Petit bourgeoisie (literally “little bourgeoisie”):
This class includes people who may own some form of capital on a small or individual level—not enough to generate more capital (and thus be a capitalist), but enough to keep themselves going. This can be physical capital, such as a store, or intellectual capital, such as a degree in engineering. These forms of personal capital require an investment and enhance their earning ability. The upper strata of this class aspire to belong to the bourgeoisie, and they identify ideologically with that class.
The petit bourgeoisie also includes “non-productive” working people (this is not a judgment about the utility of the service or work they perform—it means that their labor power assists in the circulation of capital rather than creating surplus value). Many non-productive working people have no personal capital and are heavily dominated in the exchange of their services for wages. This tends to bring them closer, ideologically, to the working class.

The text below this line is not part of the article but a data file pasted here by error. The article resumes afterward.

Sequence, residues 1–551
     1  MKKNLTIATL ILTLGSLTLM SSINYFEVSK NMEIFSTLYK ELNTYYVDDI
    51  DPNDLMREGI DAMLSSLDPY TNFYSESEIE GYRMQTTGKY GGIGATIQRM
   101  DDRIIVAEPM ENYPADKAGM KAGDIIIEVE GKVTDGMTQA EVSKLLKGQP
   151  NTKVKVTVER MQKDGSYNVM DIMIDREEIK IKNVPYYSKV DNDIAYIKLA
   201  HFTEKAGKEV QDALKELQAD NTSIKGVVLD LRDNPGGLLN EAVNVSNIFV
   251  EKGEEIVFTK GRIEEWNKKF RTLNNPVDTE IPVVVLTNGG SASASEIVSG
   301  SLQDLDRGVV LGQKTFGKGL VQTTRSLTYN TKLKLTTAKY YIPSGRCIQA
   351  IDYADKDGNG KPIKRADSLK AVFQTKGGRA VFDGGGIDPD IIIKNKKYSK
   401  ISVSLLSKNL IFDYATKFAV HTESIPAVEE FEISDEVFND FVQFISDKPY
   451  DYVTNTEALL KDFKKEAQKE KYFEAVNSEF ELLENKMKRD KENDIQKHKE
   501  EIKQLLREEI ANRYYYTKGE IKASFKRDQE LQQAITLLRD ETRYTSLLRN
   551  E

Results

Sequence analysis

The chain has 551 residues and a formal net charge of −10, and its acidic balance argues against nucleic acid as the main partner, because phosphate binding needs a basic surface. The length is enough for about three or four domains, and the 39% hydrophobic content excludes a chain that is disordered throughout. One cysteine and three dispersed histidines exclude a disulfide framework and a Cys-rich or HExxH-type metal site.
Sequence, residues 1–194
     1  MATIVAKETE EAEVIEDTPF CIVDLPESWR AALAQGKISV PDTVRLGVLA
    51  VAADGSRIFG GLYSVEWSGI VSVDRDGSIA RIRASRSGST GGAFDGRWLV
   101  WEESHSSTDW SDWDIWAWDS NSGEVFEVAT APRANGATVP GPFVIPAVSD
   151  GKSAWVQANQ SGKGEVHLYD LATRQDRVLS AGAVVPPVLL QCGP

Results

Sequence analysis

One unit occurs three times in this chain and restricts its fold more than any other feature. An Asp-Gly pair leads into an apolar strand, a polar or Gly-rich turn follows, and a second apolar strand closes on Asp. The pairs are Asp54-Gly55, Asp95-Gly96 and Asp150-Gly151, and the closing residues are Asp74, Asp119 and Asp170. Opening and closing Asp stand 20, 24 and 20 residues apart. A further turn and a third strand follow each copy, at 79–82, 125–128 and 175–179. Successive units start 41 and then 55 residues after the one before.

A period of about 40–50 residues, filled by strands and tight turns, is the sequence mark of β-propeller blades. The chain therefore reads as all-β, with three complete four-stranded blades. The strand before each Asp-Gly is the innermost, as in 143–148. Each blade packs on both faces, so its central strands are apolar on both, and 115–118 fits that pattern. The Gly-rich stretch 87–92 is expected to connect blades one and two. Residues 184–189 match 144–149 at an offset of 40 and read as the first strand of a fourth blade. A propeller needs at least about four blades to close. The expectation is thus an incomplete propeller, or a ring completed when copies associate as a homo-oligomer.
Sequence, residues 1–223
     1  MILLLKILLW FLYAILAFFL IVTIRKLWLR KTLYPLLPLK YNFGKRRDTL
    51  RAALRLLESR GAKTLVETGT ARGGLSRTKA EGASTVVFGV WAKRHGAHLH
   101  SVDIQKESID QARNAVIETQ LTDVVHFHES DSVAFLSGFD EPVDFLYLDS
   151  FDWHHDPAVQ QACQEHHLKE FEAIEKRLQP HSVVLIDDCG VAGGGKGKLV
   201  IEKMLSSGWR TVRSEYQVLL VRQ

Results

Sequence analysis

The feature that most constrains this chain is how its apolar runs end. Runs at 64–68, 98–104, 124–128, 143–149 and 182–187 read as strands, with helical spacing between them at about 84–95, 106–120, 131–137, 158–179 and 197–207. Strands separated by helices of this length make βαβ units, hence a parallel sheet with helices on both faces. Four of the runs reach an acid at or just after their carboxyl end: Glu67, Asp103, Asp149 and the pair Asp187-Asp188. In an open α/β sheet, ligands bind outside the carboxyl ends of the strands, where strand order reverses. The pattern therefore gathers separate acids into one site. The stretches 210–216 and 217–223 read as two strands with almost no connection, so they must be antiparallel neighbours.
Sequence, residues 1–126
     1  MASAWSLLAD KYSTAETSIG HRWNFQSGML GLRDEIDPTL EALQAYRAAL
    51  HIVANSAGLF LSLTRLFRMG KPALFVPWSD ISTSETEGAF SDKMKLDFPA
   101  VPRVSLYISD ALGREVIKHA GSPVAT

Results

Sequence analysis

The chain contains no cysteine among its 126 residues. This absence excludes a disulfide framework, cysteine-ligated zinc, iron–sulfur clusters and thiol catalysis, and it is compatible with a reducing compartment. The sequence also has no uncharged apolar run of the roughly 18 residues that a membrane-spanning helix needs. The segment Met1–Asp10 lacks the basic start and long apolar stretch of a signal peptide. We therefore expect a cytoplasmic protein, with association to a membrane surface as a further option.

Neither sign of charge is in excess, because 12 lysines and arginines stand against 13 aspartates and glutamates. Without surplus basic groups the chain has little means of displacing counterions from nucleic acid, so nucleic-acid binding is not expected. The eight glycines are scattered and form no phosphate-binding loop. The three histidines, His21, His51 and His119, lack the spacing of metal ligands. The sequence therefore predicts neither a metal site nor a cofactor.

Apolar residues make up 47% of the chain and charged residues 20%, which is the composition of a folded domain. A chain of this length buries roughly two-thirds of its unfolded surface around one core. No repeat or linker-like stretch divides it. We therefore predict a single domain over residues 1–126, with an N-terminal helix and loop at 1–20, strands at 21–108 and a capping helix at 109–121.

The petit bourgeoisie is not an autonomous class. Because the principal conflict in capitalism is between the bourgeoisie and working class, the various strata of the petit bourgeoisie exist in the camp of either of these two fundamental classes. Their interests, along with their loyalties, will tend to waver between the two.
This wide-ranging class includes:
Small entrepreneurs and business owners
Skilled professionals such as doctors, lawyers, engineers, programmers, baseball players
Intellectuals such as artists, writers and academics
Teachers, journalists, firefighters, police, social workers, bus drivers
Small-time drug dealers
White collar (clerical) workers such as office assistants, telemarketers, cube farm data jockeys
Service workers including sales clerks, sex workers, health care, and hotel workers
"La Noce" de Bertold Brecht, la petite-bourgeoisie au décapant:
Georges Seurat's Sunday Afternoon on the Island of La Grande Jatte, 1884–1886, at The Art Institute of Chicago, depicting petite bourgeoise and prostitutes on the right bank of the river.